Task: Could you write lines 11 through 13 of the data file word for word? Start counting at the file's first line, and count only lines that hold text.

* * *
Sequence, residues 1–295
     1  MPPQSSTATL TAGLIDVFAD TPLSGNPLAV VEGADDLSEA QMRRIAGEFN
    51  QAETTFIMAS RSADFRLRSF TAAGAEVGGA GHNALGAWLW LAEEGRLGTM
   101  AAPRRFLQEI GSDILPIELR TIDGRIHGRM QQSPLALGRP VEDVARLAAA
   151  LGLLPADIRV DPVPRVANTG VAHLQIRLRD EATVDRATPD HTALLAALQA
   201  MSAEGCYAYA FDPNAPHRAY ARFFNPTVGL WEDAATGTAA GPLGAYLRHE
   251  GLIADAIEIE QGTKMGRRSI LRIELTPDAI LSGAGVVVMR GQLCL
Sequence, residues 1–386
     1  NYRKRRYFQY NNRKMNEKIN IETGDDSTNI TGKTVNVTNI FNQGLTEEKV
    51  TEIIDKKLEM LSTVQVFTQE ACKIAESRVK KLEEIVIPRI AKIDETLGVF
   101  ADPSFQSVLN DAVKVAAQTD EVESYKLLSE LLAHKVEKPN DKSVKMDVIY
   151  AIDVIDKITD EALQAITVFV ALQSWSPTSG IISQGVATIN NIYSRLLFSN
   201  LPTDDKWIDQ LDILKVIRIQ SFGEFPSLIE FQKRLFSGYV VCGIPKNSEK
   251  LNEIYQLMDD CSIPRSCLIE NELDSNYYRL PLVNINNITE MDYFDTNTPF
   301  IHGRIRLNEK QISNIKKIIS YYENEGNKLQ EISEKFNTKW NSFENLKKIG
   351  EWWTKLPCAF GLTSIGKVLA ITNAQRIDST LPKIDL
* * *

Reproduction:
   101  ADPSFQSVLN DAVKVAAQTD EVESYKLLSE LLAHKVEKPN DKSVKMDVIY
   151  AIDVIDKITD EALQAITVFV ALQSWSPTSG IISQGVATIN NIYSRLLFSN
   201  LPTDDKWIDQ LDILKVIRIQ SFGEFPSLIE FQKRLFSGYV VCGIPKNSEK